By Daniel Bases, Reuters
The war between Russia and Georgia shifted the political landscape in the Caucasus and is prompting Turkey, Armenia and Azerbaijan, three countries with long-standing disputes, to try to settle their differences, Turkish Foreign Minister Ali Babacan said on Monday.
The foreign ministers from all three countries will meet on Friday on the sidelines of the U.N. General Assembly to discuss "frozen conflicts."
"The recent crisis in Georgia urged all the countries in the region to re-evaluate policies and also have a stronger feeling of urgency," Babacan said at the Council on Foreign Relations.
Russia sent troops deep into Georgian territory during a five-day war last month over Georgia's breakaway, pro-Russian province of South Ossetia. Georgia and Turkey form a key energy transfer link for oil and gas from Azerbaijan.
Turkish President Abdullah Gul, accompanied by Babacan, made a historic first visit to Armenia on September 6 to watch a soccer match between the two nations. The neighbors have no diplomatic ties but a relationship haunted by whether ethnic Armenians killed by Ottoman Turks during World War One were victims of systemic genocide.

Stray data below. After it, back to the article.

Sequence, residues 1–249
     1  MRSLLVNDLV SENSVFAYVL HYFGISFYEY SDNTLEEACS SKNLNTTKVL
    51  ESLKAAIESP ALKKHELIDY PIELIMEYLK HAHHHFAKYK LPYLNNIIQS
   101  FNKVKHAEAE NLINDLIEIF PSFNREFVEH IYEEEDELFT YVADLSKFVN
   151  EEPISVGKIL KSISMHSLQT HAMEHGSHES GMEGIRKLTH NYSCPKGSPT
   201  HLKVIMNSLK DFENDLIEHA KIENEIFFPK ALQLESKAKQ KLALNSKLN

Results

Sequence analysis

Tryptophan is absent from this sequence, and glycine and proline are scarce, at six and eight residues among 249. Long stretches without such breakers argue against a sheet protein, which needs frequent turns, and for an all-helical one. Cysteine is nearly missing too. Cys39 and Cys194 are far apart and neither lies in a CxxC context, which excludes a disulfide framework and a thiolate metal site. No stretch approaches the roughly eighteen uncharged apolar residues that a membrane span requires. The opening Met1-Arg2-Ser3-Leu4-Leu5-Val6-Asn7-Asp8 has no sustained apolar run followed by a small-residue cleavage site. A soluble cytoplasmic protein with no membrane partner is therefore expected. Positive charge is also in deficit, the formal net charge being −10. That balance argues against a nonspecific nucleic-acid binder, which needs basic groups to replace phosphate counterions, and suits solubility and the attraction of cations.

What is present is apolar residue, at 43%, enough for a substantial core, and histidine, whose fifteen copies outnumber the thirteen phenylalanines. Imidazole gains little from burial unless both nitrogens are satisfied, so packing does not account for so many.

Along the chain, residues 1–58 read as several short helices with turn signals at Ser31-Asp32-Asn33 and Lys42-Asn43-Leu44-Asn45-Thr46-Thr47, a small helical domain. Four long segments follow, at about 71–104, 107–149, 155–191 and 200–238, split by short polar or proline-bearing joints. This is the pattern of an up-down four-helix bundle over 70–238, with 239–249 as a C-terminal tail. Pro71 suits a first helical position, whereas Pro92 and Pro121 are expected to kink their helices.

Turkey closed its border with Armenia in 1993 in a show of solidarity with Azerbaijan, a Turkic-speaking ally that was fighting Armenian-backed separatists over the territory of Nagorno-Karabakh.
"The political will is there, which is probably very important, and then the rest is details to be discussed and the devil is obviously in the details of course," said Babacan. He said he expected an acceleration in the talks after the October 15 Azeri presidential election.
Babacan's counterparts are Armenian Foreign Minister Edward Nalbandian and Azerbaijan Foreign Minister Elmar Mamedyarov.
(Photolur photo: Babacan, right, and Nalbandian pictured in Yerevan on September 6.)